Extinguishing Features, 2019, oil on linen, 18 x 24 inches a

Pablo Picasso, 1902-03, La soupe, The soup, oil on canvas, 38.5 x 46.0 cm, Art Gallery of Ontario, Toronto, Canada

As a student attending the Ontario College of art, I used to visit the Art Gallery of Ontario every week or two to observe and study the art.  A small Picasso painting called ‘La Soupe’ always drew me in.  I loved the simplicity of the design and the purity of the message.  I wanted to take that simplicity and add messaging related to today’s sway and diversion. I like to think about what adults choose to paint. Do image-makers or anyone with a platform have a responsibility? The Picasso is an image portraying charity, so I think values such as faith, hope, charity, and calling out ‘bullshit’ are fine subjects to paint.
I also thought the background in this piece makes a nice stage backdrop, where the narrative changes a hundred years later but the background remains the same. It is here used as a setting for a morality play.  In the earlier piece we have soup being offered and in the later piece we have charitable lies.

Unicorn Box

‘Unicorn Box’ by Michael Abraham, oil on linen, 44 x 36 inches, 2017 a

'Boy Leading a Horse' by Pablo Picasso, Oil on canvas, 87 x 52 inches, 1905-06.

The Fairytale Illusion …

an imagined unicorn

wanting to be esteemed in the lexicon

on a hero’s journey, best kicker on the team,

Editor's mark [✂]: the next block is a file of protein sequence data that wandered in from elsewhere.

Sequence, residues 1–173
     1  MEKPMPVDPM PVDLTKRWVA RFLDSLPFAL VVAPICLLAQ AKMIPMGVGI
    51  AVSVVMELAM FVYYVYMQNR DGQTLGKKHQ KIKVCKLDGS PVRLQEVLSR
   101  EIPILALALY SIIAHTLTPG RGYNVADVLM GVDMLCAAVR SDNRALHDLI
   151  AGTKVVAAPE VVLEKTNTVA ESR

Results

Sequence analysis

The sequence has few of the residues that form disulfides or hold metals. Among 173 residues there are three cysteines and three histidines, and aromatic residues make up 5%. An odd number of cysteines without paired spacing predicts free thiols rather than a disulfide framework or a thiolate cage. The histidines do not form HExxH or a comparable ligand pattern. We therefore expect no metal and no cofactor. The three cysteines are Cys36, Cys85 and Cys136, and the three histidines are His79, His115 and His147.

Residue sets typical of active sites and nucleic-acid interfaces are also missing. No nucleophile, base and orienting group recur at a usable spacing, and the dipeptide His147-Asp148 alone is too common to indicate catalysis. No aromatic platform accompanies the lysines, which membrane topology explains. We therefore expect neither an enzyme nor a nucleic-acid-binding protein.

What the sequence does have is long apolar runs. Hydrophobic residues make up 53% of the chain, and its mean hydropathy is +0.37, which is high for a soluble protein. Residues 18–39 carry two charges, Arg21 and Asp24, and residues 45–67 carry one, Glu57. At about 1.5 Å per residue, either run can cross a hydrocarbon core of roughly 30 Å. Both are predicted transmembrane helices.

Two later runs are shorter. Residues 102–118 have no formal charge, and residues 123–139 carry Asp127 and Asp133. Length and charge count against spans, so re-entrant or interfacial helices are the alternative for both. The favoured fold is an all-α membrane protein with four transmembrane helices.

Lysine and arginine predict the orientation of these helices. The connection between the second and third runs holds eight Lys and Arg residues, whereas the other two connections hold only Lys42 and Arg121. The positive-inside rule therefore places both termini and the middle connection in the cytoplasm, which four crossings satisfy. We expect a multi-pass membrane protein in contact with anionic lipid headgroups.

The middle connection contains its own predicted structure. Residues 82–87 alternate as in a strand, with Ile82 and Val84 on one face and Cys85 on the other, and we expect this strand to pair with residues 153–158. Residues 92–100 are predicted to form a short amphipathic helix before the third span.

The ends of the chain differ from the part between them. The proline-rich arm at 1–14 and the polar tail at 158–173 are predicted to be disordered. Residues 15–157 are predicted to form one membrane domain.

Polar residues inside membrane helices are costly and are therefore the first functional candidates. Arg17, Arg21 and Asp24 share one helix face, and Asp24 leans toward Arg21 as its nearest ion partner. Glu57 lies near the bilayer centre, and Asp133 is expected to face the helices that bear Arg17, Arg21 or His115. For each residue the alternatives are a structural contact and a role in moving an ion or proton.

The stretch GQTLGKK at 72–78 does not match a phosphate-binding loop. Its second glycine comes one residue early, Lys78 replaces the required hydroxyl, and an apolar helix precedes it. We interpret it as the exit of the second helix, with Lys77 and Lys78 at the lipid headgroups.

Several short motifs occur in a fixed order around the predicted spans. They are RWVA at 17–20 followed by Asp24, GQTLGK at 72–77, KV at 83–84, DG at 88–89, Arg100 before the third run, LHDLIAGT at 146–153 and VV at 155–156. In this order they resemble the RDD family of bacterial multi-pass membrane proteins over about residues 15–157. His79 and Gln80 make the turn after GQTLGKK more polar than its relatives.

Or at a minimimum to get the skills and cover the bills

all sunshine and rainbows in a place where the price of a house costs more than a Picasso

The myth of picasso lingers in the brain

‘Boy with the Horse’ in the Metropolitan Museum so lovely


thousands of covered sheets of white…

A success beyond success

covering one piece of white fabric at a time

Artifacts commodified to the point of megalithic currency commodified so that each upcoming painter is left sincerely wanting, wanting

to uphold the illusion of success

presenting the mythical unicorn

with desire to uphold the illusion

With a desire that has stretched the arms 

while trying to uphold the mythical unicorn

hands painted in clunky painterly picasso-esque

he too looked back and coveted all the culture before him

so that he too could make a brush look like it was sitting off the edge of a table. It can take everything one has to get there.

And in the end to ask the question “why?”


Man that man could paint!

– M.A. 2023 – from notes on paintings

Iron Man – After the Crash
Edgar Degas (1834–1917), Woman Ironing (c 1869), oil on canvas, 92.5 × 73.5 cm, Neue Pinakothek, Munich, Germany. Wikimedia Commons.
Pablo Picasso, Woman Ironing (La repasseuse), oil on canvas, 1904.
Michael Abraham - After the Crash, oil on linen, 48 x 32 inches, 2009.